Speaking of souls, do I have a belief system? She asked me about my belief system and if I had beliefs that some people find comforting as death approaches like a fast train in the dark. I said ‘physics’, that’s my belief system if I can even say I have any kind of belief system. I was never big on ‘soul’ music. Oh, I think that we humans are extremely creative in coming up with ways of finding some sense in death and the creation of the ‘soul’ is one of those. Whatever rocks your boat, as far as I’m concerned. Maybe it’s time I explain more about my philosophy of life, but it will have to wait too, getting in line with my ideas about meditation and other ‘mindfulness’ strategies.

So, now I’m back in my bed, staring at the ceiling with the light filtering through the blinds at the head of our bed. Dr. Fehlau, knows that I’m on the death train because of the myeloma I have and she is clear that my future can be counted now in months rather than years. Pain is one thing. Strategies for making peace with life when I have very little left is another thing. And what about Carolyn, Marika and Arianne. Carolyn is the love of my life and my daughters are very near and dear to me. I need them to be involved in the process of my dying but it’s not easy. Carolyn, being the person that she is, has been thinking a lot about what it means for me to die at home. She’ll need some help, but she can speak for herself around these issues. Help is available for respite and home support. Carolyn has to think about life without me too. She’s five years younger than me so that’s an advantage right there. With some help she may even be able to continue to live where we do now if that’s what she wants. Unfortunately it’s impossible to make too many plans too far ahead, but there are preparations that, made now, will help a lot when the time comes.

I may be premature in thinking about these things, but I really can’t help myself. I need to know. Do I want to consider Medical Aid In Dying? You bet. If if comes to that. One thing though: I am now connected to some of the end of life services in the Valley through Community Home Care. That’s a new one for me. Man, there’s so much to learn about dying!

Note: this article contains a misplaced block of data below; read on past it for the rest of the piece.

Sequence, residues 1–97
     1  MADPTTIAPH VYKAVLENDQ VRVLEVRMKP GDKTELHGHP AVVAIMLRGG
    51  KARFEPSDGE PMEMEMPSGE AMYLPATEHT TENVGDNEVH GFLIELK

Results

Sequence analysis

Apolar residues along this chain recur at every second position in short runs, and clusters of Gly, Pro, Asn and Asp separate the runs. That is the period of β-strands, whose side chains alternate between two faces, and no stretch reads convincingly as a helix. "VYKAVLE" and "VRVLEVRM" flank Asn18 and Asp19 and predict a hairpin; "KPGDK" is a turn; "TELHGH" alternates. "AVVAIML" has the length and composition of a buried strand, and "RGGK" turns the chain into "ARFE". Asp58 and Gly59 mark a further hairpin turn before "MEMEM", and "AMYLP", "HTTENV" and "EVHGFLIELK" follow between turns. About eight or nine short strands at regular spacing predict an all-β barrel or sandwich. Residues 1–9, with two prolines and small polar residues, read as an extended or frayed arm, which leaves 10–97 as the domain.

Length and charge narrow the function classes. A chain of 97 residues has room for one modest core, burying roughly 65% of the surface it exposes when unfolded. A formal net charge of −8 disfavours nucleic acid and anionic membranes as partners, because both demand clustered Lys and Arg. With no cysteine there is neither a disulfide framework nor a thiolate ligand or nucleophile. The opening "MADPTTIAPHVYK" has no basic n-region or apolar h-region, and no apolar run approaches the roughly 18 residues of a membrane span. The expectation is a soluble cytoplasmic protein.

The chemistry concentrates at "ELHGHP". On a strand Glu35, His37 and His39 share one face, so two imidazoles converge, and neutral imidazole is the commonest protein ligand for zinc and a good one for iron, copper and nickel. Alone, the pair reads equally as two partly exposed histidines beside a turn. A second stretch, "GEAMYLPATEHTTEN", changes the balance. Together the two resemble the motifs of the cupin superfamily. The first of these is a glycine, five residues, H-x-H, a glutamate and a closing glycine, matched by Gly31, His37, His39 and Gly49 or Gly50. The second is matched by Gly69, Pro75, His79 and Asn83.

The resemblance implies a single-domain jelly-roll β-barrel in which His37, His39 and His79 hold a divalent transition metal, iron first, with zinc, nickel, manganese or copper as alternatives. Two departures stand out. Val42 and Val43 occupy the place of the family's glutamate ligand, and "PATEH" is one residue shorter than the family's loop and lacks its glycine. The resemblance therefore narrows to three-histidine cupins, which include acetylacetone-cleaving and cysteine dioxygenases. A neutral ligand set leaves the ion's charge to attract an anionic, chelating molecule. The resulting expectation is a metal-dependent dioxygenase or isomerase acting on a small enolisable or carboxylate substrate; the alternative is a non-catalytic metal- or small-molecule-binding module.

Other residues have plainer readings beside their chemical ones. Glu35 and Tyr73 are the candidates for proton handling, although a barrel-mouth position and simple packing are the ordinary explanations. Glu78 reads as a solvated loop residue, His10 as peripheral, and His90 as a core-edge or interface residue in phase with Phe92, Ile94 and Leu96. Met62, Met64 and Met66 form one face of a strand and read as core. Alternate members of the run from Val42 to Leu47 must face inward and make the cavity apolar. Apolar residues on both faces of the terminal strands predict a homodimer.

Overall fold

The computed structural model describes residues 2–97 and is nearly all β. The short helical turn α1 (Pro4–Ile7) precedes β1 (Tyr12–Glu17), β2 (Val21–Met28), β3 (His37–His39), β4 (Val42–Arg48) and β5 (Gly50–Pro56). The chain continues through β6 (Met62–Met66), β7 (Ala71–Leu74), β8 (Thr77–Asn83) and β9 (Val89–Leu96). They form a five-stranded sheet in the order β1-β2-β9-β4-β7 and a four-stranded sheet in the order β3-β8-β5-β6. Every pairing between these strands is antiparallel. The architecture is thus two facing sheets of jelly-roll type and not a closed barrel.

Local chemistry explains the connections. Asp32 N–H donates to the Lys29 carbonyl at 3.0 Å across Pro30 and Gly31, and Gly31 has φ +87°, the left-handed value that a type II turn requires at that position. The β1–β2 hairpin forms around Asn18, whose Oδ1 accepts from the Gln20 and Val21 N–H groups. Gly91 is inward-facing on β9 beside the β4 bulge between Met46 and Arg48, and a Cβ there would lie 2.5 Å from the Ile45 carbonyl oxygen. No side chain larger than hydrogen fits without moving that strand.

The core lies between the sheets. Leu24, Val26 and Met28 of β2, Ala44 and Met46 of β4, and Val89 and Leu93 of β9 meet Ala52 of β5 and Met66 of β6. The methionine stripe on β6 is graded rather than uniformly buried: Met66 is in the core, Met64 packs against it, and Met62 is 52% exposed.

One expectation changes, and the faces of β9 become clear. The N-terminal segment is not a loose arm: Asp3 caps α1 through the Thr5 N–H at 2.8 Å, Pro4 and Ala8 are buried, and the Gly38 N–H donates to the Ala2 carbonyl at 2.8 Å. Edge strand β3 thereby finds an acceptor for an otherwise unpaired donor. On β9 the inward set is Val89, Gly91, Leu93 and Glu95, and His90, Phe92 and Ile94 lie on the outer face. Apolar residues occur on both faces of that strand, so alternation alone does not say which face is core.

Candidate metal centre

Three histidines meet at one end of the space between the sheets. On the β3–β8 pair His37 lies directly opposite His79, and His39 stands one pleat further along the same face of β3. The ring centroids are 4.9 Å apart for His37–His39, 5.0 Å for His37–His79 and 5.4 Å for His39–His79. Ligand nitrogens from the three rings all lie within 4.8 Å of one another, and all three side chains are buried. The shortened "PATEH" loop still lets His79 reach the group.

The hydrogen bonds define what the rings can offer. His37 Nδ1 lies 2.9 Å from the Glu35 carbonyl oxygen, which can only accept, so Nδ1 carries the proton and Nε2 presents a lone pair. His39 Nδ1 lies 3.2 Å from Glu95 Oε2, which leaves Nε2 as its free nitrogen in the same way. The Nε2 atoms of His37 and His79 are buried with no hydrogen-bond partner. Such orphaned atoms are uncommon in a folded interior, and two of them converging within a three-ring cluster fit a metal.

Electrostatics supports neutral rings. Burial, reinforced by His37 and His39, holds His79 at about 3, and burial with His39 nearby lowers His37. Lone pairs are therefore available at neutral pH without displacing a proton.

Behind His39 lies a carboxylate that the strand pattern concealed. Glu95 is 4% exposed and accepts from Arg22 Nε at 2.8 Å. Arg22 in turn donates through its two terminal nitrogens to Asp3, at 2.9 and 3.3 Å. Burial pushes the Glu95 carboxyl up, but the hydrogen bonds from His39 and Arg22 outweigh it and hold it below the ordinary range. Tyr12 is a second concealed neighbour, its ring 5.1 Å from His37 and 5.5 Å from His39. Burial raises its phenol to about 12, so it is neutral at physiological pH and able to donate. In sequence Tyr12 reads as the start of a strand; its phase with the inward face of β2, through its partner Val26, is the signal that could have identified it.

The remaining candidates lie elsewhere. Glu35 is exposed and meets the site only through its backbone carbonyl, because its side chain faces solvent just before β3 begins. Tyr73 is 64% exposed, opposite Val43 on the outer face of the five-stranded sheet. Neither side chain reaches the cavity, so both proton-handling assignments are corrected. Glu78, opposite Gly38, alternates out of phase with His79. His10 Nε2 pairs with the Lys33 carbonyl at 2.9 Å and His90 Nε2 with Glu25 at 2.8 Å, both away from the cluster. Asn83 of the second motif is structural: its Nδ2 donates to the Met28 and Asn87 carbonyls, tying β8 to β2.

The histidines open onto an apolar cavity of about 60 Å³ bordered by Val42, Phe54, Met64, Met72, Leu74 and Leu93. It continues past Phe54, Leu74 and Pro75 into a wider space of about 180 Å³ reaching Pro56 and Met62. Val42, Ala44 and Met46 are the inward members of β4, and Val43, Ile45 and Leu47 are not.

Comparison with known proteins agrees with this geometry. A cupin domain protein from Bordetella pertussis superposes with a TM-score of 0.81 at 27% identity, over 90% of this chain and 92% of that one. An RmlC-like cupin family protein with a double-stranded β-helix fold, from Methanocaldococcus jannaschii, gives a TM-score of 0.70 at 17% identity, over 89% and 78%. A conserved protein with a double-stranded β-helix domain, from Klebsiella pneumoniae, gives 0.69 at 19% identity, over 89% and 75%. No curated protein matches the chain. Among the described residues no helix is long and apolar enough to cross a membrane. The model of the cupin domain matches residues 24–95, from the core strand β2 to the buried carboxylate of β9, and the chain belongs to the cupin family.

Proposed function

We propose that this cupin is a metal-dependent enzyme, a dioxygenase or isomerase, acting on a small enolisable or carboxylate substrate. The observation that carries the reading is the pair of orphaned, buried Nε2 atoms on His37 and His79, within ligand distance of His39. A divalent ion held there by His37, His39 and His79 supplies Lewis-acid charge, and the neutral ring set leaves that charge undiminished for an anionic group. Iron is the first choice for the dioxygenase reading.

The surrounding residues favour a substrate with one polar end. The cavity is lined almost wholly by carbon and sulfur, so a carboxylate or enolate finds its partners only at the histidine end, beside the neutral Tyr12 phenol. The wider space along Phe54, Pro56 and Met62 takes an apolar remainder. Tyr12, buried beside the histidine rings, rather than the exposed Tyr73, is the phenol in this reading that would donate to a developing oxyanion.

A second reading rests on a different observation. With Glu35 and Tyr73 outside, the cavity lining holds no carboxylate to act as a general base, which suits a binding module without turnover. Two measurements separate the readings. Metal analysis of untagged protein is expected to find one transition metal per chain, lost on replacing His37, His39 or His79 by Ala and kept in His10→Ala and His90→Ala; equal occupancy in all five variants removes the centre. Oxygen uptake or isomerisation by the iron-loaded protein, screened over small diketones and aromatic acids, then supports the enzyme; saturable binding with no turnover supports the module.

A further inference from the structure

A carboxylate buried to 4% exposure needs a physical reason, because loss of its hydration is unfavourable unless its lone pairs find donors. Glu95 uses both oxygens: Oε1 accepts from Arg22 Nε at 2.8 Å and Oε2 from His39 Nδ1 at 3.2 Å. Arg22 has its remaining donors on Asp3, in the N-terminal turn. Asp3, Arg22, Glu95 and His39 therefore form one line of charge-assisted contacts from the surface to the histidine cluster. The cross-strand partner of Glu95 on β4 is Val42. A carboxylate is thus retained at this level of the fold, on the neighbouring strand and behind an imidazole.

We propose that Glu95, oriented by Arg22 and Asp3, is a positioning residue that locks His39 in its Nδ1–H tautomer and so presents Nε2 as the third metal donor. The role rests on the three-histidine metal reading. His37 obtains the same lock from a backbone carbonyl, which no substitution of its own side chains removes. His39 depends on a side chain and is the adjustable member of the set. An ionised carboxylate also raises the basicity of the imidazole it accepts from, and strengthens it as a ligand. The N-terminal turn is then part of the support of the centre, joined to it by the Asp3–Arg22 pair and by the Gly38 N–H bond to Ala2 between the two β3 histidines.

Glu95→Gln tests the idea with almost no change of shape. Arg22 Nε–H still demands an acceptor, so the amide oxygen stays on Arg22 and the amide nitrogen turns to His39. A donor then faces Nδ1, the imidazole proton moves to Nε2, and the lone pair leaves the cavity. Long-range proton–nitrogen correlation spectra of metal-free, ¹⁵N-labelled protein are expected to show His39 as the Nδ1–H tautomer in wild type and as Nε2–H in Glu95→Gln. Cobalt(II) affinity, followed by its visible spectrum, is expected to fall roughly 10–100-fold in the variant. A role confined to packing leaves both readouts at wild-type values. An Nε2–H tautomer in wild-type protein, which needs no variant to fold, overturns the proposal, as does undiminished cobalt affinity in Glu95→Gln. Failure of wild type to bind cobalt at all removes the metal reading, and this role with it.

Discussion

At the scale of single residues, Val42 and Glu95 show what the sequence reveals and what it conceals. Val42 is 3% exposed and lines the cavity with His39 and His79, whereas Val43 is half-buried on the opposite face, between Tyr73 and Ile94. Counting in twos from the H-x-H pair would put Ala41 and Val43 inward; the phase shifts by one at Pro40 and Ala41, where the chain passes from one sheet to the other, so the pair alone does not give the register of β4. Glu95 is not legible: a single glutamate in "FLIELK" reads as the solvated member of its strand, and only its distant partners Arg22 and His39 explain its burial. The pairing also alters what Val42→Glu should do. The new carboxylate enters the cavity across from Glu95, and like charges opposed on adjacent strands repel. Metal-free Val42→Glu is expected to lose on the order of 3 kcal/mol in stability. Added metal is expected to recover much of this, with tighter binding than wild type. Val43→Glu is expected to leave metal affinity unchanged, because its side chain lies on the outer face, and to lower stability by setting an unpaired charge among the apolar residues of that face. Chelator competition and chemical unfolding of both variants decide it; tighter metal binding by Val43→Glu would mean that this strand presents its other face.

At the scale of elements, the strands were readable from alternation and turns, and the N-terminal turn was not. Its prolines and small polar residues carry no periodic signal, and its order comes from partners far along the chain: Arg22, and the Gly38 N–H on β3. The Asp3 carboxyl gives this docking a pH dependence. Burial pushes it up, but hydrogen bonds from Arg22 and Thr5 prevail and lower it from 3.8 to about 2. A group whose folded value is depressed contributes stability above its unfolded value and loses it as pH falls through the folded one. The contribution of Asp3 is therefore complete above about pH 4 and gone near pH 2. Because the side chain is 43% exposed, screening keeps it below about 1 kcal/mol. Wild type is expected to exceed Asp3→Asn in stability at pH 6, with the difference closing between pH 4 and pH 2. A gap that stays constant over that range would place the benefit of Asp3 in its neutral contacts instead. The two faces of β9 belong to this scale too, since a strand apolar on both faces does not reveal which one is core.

Addendum:

This post is already long enough but I can’t help giving you a taste of how our daily conversations go these days. They would be completely incomprehensible to people not ‘informed’. So here is a typical early morning talk. Me and Carolyn.

Carolyn: How did you sleep?

Me: Well, last night Ben rocked me to sleep while looking after the issues around my injection site. I slept from 11:30 until 6:30 straight.

Carolyn: That’s great! So you talked about changing your hydro routine. What do you want to do about that?

Me: I’m thinking of taking two breakthroughs this morning then another two around mid-afternoon while I wait for Dr. Fehlau’s 4.5 prescription to come in. That should keep me going until eight when I can take a six slow-release. The dex is kicking in. Sleep tonight could be a challenge. The cyclo will slam me down though, counterbalancing the dex. The Duc has to do its work too. I’ll see about going poo earlier in the evening so that I don’t have to get up during the night. Maybe Ben can come help me sleep too. We’ll see.

[Carolyn is off this morning to pick up a prescription for me and to take care of some Museum business. We talk about the Museum a lot too and about other things. Come to think of it, I think some of those conversations would also be incomprehensible to the ‘uninformed.’]

See ya later.

Looking in the Mirror.

When I look in the mirror I see an old man. I don’t see an old man with cancer. I just see an old man with a white beard, not much hair, and wrinkly skin. Melanoma (skin cancer) often leaves visible, sometimes unsightly and disfiguring lesions. I don’t have melanoma, although my father did. No, I have myeloma (bone marrow cancer) and its damage is all done on the inside, invisibly. So, I guess I can keep expecting people who see me say: “Wow, you’re looking good!” I guess I DO look good! Now, the last thing I want is to discourage people from telling me how good I look, so keep it up! However, the invisibility of my condition is deceiving. I remember when I was a kid my friends and I used to work on our cars. That was still possible when I was a kid. Often we’d stand around looking into the engine compartment (often of my 1956 Pontiac four-door hardtop) wondering what could possibly be wrong as if just staring at the engine would give us some kind of clue. The engine was always sparkly clean and there was nothing obviously gone awry. If I had money by some quirk of circumstance I might take the car to a mechanic. If not, we might borrow my dad’s tools and start taking things apart. That usually ended up badly. Yes, the most undesirable conditions in life are often on the inside, impossible to see or diagnose by just looking at the person or car in question. I find it best to consult mechanics when our car shows signs of disfunction. I find it best to consult medical specialists for treatment related to my body. I guess I could try to treat myself using any number of the ‘cures’ available on Dr. Google, but I would like to live a while longer, thanks. Besides, I’m not that desperate.